Salem Historical Quarterly
A.C. Gilbert's Discovery Village Historic Residences
116 Marion Street NE
503 371 3631
www.acgilbert.org


Little Gem Store
There are five historic structures on this site. The Gilbert house was the home of A. C. Gilbert's uncle. The Wilson-Durbin house is a 2000 reconstruction. Both are on their original locations. The Parrish and Rockenfield-Bean homes were moved here because of the development of the North Capitol Mall.

The Little Gem Store was formerly located at 17th and Chemeketa Street on the corner of a 1906 residential property. Built in the 1920s, it served as a small neighborhood grocery for many years and finally became an artist's studio. In 1998, when the property owner wished to extend his front porch, a neighbor, Gary Westford, allowed the neighbors to move it to his property as a temporary measure. Hazal and Roy Patton were among those who repainted and restored the building so it could be moved to its present location.

This 15 year old educational complex features the A. C. Gilbert's Discovery Village, a children’s museum and learning center. There is fee for entrance.

The facility was named for Alfred Carlton Gilbert, Olympic gold medalist in pole vault, inventor of the Erector Set, holder of 150 patents and marketer of the American Flying Train. The children's museum was the first attraction of the Riverfront Park, opening in 1989.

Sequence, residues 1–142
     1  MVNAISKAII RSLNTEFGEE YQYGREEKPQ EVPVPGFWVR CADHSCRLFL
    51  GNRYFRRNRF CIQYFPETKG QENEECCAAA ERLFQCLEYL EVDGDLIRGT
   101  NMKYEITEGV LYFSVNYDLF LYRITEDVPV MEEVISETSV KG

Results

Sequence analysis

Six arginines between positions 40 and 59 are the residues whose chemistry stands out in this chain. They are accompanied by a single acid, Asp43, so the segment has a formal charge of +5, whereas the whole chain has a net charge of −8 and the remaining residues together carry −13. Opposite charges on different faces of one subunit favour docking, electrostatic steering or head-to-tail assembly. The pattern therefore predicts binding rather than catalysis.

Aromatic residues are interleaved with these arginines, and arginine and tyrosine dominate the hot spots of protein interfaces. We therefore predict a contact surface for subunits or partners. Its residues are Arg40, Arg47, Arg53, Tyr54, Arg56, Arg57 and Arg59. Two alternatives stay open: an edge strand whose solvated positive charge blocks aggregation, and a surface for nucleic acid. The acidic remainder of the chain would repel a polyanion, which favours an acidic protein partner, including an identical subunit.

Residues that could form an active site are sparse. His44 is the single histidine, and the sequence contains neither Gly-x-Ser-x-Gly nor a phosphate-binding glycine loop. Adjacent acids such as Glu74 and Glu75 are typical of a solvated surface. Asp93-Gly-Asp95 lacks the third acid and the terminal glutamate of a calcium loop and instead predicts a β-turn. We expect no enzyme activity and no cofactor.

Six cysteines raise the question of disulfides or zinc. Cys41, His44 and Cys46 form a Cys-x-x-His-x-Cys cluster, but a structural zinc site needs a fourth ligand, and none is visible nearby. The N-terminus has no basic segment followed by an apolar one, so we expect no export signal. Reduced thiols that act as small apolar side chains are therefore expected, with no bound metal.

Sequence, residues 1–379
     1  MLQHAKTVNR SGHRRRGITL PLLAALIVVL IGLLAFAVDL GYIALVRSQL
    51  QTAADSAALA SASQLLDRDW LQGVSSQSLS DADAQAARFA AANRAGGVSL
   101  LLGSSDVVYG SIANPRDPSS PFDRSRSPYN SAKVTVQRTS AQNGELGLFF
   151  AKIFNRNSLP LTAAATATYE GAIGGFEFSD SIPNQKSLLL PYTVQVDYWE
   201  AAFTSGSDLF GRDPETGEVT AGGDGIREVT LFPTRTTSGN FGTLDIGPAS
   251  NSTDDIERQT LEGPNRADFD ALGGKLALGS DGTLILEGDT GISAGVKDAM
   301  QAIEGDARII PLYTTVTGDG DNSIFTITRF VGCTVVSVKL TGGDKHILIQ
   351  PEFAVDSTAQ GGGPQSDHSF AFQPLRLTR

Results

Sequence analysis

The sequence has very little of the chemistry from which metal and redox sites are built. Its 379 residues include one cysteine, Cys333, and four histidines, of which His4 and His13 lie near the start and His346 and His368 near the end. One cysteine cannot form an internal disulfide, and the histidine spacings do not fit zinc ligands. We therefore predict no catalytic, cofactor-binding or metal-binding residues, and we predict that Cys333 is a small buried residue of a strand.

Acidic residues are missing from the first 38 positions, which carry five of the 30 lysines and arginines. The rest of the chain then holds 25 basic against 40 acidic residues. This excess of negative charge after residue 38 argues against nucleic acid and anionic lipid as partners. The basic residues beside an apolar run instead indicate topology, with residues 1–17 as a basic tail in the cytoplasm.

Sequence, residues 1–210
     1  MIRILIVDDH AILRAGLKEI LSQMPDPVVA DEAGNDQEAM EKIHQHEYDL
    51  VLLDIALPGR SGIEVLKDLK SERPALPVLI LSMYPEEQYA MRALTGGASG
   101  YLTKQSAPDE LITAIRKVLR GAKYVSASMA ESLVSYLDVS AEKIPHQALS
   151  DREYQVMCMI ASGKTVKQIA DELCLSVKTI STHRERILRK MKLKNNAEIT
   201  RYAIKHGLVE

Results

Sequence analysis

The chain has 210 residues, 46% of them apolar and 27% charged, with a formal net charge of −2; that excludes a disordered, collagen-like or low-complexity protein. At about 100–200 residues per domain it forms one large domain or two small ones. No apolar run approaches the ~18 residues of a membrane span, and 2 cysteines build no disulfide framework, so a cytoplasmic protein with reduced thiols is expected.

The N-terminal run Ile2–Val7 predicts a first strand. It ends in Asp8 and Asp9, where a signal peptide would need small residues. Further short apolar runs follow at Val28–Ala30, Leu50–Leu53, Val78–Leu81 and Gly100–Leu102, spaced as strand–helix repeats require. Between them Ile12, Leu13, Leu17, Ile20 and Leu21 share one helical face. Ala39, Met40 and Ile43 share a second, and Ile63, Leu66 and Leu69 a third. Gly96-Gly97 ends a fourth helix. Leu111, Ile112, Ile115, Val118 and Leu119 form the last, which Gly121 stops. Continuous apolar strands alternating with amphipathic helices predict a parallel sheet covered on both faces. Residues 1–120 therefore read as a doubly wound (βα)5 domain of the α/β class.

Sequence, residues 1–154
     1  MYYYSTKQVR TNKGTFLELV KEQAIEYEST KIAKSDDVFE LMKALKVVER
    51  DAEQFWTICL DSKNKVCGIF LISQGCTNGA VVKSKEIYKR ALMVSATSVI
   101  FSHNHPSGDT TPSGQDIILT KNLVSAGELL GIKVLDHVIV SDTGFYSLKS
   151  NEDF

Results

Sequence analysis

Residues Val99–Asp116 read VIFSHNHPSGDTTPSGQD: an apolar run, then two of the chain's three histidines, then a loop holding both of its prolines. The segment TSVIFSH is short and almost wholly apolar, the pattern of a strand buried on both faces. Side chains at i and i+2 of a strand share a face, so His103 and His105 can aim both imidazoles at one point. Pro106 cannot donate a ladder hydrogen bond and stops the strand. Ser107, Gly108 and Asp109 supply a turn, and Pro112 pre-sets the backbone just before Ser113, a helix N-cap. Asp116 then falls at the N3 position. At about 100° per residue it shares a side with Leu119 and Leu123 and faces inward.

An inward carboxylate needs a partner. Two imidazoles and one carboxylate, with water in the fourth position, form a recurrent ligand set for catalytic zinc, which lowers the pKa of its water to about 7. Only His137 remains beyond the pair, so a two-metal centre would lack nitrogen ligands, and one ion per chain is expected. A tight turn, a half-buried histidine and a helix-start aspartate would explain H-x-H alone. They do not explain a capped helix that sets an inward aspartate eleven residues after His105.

There is a parking lot on Union Street, to your left just after you turn off Front Street. Limited parking is available in front of the Gilbert House. Another large parking lot is located beyond the houses at the Riverfront Park.

When You Are Here:
Two historical buildings, The Gilbert and Rockenfield-Bean houses are within the gates of the A. C. Gilbert's Discovery Village. The other three, including the Little Gem, are on Water Street along the riverfront. Descriptive plaques at doorways give information about the structures.

To Learn More:
salemhistory.net has a profile of A.C. Gilbert. (Scroll down to the date of 1989 in the list of profiles.)

In Volume 43, Number 3, Historic Marion, available at Marion County Historical Society, read about the development of North Capitol Mall and the removal of Piety Hill homes in “Children of Piety Hill.”